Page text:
Colby Hamilton, Writer, WNYC News
Colby Hamilton is a general assignment reporter. He originally joined WNYC as a political blogger. He's a proud graduate of the CUNY Graduate School of Journalism.
By WNYC's Ilya Marritz
New York has joined a $25 billion state and federal settlement with five major banks that would resolve claims over "robo-signing" and other abuses of the foreclosure process.
The agreement will result in principal and interest rate reductions for millions of Americans — and as many as 118,000 residents of New York state — whose outstanding balances on their mortgages are worth more than their homes.
State and federal officials had been in talks with the major mortgage servicers for over a year, and there have been rumors for months that an agreement was close.
But until the last minute, it was unclear whether New York would join. In August, New York Attorney General Eric Schneiderman, left the negotiation table, claiming the draft agreement would have given banks broad immunity from prosecution on the origination and packaging of mortgages. Now the Schneiderman has given the settlement his enthusiastic support.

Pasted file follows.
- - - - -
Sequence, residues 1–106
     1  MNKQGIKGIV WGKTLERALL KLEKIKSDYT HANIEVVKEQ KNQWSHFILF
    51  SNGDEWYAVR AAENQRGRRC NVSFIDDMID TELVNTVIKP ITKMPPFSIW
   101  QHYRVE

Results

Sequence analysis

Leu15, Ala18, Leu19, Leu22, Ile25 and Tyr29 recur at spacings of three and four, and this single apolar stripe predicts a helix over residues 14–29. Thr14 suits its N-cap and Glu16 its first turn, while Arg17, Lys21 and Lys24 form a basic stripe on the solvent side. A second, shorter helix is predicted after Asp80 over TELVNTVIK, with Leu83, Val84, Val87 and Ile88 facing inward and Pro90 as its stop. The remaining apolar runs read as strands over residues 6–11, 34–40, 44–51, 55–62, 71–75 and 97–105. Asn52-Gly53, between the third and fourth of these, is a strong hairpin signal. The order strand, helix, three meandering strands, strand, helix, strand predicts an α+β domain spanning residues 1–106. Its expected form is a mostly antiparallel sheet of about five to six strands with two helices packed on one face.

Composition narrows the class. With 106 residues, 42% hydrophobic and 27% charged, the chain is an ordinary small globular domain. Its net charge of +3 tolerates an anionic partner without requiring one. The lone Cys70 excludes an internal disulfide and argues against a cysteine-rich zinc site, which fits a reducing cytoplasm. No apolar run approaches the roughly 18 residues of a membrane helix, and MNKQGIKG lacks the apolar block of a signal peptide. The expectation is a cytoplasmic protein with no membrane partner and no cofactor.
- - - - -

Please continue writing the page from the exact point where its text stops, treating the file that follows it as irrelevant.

"For a year, the proposed settlement was simply inadequate,” Schneiderman said in a statement, “and I applaud all those who fought with us to hold banks accountable for their role in the foreclosure crisis, provide meaningful relief to New York’s struggling homeowners, and allow a full airing of the facts to ensure that abuses of this scale never happen again.”
Read more here.